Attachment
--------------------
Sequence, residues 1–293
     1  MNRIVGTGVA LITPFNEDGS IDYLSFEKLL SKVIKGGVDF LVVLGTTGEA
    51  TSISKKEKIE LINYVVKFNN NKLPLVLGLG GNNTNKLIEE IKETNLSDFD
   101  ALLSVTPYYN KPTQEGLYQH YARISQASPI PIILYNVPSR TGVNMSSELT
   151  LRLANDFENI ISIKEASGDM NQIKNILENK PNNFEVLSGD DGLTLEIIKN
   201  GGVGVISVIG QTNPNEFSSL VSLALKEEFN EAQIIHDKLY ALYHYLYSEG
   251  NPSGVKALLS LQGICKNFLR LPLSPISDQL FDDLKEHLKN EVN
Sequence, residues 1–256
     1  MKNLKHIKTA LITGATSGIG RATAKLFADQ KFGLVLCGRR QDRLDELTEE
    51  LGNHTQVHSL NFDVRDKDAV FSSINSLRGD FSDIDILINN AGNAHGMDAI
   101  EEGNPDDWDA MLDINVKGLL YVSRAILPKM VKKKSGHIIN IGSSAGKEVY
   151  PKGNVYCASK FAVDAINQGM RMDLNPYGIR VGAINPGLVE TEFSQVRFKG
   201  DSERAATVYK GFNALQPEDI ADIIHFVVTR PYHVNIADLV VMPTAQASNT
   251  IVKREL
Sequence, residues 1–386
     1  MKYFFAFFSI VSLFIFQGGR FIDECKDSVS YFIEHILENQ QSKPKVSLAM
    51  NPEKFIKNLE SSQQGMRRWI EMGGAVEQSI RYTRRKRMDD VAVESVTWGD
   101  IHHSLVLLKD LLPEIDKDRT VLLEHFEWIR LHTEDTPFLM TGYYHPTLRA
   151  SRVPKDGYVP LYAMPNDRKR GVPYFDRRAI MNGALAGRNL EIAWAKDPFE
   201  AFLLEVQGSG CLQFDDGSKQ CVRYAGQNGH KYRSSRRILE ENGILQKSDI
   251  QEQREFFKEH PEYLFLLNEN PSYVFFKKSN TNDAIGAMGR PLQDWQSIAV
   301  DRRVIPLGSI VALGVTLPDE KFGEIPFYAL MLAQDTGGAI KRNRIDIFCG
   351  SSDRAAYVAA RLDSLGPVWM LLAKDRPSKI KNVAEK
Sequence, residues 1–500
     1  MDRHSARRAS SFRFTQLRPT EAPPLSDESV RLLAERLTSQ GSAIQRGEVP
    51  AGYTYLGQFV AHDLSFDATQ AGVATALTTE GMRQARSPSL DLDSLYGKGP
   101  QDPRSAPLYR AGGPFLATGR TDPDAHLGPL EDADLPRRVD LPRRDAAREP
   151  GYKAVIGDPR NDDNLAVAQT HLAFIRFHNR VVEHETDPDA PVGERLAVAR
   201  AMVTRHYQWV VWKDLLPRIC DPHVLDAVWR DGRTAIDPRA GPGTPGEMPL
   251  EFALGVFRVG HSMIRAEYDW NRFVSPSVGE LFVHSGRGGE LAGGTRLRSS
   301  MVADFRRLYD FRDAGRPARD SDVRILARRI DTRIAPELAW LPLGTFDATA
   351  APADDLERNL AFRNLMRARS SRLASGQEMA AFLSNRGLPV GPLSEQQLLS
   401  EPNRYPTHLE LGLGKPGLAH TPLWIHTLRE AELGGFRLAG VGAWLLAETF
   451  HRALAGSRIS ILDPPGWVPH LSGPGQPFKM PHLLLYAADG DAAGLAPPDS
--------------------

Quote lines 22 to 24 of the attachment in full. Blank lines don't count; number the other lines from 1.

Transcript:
   301  DRRVIPLGSI VALGVTLPDE KFGEIPFYAL MLAQDTGGAI KRNRIDIFCG
   351  SSDRAAYVAA RLDSLGPVWM LLAKDRPSKI KNVAEK
Sequence, residues 1–500